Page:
r.db('test').table('authors').get('7644aaf2-9928-4231-aa68-4e65e31bf219').run()

Since primary keys are unique, the get command returns a single document. This way we can retrieve the document directly without iterating through a cursor.

Learn more about how RethinkDB can efficiently retrieve documents with secondary indexes.

Realtime feeds

Feel free to skip this section if you don’t want to learn about realtime feeds yet. You can always go back and start a feed later.

RethinkDB inverts the traditional database architecture by exposing an exciting new access model – instead of polling for changes, the developer can tell RethinkDB to continuously push updated query results to applications in realtime.

To start a feed, open a new terminal and open a new RethinkDB connection. Then, run the following query:

cursor = r.table("authors").changes().run()
for document in cursor:
    print(document)

Now switch back to your first terminal. We’ll be updating and deleting some documents in the next two sections. As we run these commands, the feed will push notifications to your program. The code above will print the following messages in the second terminal:

{
  "new_val": {
    "id": "1d854219-85c6-4e6c-8259-dbda0ab386d4",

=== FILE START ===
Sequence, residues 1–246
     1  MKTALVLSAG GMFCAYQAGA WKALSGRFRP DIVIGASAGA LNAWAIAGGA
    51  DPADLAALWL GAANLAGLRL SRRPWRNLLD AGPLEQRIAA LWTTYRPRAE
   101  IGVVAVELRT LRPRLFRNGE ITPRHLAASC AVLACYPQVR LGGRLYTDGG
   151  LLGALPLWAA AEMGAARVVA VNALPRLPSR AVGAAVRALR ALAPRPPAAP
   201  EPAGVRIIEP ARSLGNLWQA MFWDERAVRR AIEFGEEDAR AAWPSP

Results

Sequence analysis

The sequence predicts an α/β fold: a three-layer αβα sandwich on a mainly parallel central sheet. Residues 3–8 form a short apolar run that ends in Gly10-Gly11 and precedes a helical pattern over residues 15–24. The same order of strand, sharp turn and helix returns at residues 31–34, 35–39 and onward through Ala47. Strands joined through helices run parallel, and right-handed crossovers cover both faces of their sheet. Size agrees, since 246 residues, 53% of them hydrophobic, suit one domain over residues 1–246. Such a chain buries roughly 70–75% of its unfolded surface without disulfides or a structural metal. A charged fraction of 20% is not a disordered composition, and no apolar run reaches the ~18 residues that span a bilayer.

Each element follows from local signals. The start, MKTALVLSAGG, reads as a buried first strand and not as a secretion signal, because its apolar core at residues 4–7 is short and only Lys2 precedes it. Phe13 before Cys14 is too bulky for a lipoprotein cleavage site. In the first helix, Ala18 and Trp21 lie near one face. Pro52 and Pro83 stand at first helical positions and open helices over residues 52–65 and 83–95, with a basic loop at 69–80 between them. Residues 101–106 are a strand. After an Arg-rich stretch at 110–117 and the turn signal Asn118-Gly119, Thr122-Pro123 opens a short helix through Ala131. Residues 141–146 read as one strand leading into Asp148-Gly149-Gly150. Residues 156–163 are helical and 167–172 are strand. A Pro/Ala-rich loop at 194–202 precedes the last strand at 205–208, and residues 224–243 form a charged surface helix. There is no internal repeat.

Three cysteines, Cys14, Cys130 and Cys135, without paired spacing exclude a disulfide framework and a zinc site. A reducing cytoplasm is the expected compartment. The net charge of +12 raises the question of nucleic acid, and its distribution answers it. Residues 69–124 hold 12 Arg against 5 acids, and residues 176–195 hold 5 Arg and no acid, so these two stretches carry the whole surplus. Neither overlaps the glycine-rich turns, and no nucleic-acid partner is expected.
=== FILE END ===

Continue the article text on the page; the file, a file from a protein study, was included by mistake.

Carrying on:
"name": "Laura Roslin",
    "posts": [...],
    "tv_show": "Battlestar Galactica",
    "type": "fictional"
  },
  "old_val": {
    "id": "1d854219-85c6-4e6c-8259-dbda0ab386d4",
    "name": "Laura Roslin",
    "posts": [...],
    "tv_show": "Battlestar Galactica"
  }
}

RethinkDB will notify your program of all changes in the authors table and will include the old value and the new value of each modified document. See the changefeeds documentation entry for more details on how to use realtime feeds in RethinkDB.

Update documents

Let’s update all documents in the authors table and add a type field to note that every author so far is fictional:

r.table("authors").update({"type": "fictional"}).run()

Since we changed three documents, the result should look like this:

{
    "unchanged": 0,
    "skipped": 0,
    "replaced": 3,
    "inserted": 0,
    "errors": 0,
    "deleted":0
}